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Iran loses top commander helping Assad in Syria

Iran said Friday that one of its senior military officers, Quds Force commander Gen. Hossein Hamedani, was killed in Syria. He was officially in the country as an advisor to Syrian President Bashar Assad's forces, but was also reportedly commanding Iranian troops fighting alongside the Syrian regime in the war against rebel groups.

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Officials said earlier this week that it was senior Iranian military officials who worked with Moscow to plot a course in Syria to keep Assad in power, convincing the Russians to dramatically increase their involvement in the grinding four-plus-year conflict which has already claimed more than a quarter of a million lives.

Iranian state television reported Hamedani was killed in the suburbs of Aleppo, in northern Syria, while "carrying out an advisory mission," but didn't provide any further details.

Hamedani is one of the most senior Guard commanders to be killed in Syria. He was a veteran commander who had an important role in Iran's 1980-88 war with Iraq.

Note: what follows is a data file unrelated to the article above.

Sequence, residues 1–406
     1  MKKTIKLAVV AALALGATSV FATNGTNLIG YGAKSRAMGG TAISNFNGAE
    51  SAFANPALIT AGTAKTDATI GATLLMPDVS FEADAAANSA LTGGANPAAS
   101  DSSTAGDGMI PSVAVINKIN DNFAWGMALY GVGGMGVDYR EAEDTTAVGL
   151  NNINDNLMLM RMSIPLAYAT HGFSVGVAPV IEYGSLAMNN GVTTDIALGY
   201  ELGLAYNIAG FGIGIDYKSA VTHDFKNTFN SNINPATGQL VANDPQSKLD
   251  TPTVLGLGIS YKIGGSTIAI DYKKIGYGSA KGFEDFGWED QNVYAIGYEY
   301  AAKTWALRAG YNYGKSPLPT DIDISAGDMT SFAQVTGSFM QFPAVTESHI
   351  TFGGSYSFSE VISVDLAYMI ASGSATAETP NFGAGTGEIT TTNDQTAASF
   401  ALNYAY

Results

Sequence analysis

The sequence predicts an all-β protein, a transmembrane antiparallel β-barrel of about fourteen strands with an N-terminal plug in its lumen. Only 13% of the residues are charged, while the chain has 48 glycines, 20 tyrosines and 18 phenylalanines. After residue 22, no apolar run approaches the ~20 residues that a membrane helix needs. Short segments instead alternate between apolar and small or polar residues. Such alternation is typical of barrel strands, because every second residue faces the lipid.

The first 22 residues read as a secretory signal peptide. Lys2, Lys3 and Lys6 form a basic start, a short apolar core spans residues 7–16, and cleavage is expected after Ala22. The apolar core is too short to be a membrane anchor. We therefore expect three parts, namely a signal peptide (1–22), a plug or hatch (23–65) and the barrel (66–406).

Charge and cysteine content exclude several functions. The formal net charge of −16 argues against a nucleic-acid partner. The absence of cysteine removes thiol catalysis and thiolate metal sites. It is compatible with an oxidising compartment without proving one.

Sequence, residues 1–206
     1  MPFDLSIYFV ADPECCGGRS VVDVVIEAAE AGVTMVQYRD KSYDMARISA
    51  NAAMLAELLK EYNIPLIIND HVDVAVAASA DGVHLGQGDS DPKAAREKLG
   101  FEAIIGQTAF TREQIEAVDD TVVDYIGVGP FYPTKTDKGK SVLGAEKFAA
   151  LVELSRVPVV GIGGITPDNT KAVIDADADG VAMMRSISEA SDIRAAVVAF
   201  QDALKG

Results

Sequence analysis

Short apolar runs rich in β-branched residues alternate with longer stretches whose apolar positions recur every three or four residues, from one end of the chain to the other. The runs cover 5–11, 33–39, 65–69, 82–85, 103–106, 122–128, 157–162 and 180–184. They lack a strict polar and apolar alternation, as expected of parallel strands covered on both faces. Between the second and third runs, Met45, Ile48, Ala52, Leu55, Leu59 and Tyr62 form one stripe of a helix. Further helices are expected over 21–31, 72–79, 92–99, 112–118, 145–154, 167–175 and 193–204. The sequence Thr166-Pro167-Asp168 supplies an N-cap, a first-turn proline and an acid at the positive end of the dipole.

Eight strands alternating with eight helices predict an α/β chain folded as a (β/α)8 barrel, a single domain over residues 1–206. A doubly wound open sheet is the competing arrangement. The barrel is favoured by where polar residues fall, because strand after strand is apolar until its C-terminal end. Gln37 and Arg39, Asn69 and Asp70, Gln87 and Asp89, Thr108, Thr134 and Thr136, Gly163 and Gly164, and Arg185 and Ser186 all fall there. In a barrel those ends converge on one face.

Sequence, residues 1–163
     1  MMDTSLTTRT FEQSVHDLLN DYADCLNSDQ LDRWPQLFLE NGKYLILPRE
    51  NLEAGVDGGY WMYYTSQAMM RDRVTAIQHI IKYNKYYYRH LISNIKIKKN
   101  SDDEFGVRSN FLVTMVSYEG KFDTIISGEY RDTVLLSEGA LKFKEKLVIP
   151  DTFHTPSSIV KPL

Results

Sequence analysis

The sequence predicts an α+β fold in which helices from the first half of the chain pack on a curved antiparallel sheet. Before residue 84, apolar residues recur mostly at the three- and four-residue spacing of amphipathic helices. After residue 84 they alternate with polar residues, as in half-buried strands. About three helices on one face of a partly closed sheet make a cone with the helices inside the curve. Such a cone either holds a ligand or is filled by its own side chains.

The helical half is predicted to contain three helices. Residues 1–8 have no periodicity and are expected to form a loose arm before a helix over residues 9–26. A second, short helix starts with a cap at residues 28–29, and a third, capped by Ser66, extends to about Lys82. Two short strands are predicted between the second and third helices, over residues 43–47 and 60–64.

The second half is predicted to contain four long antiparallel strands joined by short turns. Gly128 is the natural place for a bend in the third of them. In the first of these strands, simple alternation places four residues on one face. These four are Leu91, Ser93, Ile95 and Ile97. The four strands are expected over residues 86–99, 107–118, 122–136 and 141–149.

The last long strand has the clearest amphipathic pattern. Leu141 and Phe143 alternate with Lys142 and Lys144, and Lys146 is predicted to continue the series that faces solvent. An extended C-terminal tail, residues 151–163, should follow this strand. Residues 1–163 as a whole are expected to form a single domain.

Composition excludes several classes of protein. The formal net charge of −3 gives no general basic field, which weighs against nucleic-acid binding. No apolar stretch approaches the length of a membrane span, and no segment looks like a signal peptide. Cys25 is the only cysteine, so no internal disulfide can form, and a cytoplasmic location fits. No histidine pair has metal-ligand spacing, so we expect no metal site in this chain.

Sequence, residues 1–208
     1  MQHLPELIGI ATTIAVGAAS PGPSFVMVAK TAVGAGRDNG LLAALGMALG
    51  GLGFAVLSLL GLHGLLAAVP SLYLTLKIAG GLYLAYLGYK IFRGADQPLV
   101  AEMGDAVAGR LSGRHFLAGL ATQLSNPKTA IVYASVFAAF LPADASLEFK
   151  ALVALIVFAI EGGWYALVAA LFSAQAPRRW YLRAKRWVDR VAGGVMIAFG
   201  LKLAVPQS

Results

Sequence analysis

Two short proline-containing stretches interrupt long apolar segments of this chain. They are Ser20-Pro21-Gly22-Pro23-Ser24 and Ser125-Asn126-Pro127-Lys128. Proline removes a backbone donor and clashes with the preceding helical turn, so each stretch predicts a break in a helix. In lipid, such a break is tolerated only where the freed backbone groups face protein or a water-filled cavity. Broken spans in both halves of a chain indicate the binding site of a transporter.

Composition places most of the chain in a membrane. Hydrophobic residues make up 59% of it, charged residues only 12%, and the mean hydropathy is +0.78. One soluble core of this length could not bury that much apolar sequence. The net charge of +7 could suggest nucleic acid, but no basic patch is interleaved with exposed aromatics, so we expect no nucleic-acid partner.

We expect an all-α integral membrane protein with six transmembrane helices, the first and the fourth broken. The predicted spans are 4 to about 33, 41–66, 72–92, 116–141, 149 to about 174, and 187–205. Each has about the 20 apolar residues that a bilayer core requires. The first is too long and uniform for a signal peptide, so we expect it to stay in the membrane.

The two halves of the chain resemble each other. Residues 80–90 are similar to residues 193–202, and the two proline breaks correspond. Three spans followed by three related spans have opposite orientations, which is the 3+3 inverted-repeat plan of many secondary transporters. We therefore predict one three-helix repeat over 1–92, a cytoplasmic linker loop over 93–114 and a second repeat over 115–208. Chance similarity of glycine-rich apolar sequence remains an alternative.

Video reveals Iranian forces fighting inside ... 03:39

Iran is one of Assad's main allies. Tehran has provided his government with military and political backing for years and has kept up its support since Syria's civil war began in 2011.

Guard commanders repeatedly have said Iran only has high-level advisers in Syria, denying it has fighters there.

France's defense minister said, meanwhile, that French fighter jets had launched airstrikes in the Islamic State of Iraq and Syria (ISIS) stronghold of Raqqa, Syria, targeting foreign fighters plotting attacks in Europe.

Jean-Yves Le Drian said on Europe-1 radio Friday that two Rafale jets bombed a training camp "and the objective was achieved." It was the second French strike on Syria, and Le Drian said "it will not be the last."

He also criticized Russia's stepped-up and wide-ranging military action in Syria, saying "80 to 90 percent" of its actions did not target ISIS. Russia has said repeatedly that its air campaign is aimed against ISIS, but senior U.S. officials have expressed frustration that the strikes are also targeting moderate rebel groups, including some backed by the Obama administration.

France joined the U.S.-led coalition against ISIS in Iraq last year and expanded its campaign to Syria last month.

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